Registers of Illuminated Villages

By Tarfia Faizullah.

“Tarfia Faizullah is a poet of brave and unflinching vision.” —Natasha Trethewey

Somebody is always singing. Songs
were not allowed. Mother said,
Dance and the bells will sing with you.
I slithered. Glass beneath my feet. I
locked the door. I did not
die. I shaved my head. Until the horns
I knew were there were visible.
Until the doorknob went silent.

—from “100 Bells”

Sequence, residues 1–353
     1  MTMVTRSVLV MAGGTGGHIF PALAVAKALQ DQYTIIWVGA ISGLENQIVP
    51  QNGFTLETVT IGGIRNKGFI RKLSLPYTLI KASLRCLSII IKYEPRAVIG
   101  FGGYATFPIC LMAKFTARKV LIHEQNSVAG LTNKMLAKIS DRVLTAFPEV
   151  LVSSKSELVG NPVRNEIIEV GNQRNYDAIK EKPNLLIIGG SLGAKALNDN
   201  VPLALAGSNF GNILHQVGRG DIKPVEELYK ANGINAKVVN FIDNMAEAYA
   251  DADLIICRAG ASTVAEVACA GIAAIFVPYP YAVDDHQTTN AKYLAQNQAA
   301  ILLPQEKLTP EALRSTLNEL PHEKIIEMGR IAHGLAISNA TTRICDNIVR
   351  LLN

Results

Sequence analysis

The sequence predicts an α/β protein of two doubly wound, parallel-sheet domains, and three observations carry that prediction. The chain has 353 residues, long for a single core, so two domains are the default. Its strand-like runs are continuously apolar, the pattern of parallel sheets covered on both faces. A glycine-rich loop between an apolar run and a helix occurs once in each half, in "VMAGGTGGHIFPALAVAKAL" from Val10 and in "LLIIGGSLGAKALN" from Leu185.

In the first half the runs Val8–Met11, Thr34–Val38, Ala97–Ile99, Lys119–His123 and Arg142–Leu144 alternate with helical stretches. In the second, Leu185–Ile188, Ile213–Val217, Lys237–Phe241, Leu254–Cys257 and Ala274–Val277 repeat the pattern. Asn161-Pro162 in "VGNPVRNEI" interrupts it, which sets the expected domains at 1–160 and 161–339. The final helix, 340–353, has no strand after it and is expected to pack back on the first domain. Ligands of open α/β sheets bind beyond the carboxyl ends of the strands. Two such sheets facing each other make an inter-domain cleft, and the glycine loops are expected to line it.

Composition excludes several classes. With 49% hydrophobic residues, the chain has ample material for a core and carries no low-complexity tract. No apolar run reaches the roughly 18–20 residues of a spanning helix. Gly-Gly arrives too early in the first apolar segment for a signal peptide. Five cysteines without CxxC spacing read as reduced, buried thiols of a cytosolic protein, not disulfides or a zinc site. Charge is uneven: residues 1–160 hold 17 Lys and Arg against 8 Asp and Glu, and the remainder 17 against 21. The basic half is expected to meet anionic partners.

Registers of Illuminated Villages is Tarfia Faizullah’s highly anticipated second collection, following her award-winning debut, Seam. Faizullah’s new work extends and transforms her powerful accounts of violence, war, and loss into poems of many forms and voices—elegies, outcries, self-portraits, and larger-scale confrontations with discrimination, family, and memory. One poem steps down the page like a Slinky; another poem responds to makeup homework completed in the summer of a childhood accident; other poems punctuate the collection with dark meditations on dissociation, discipline, defiance, and destiny; and the near-title poem, “Register of Eliminated Villages,” suggests illuminated texts, one a Qur’an in which the speaker’s name might be found, and the other a register of 397 villages destroyed in northern Iraq. Faizullah is an essential new poet whose work only grows more urgent, beautiful, and—even in its unsparing brutality—full of love.

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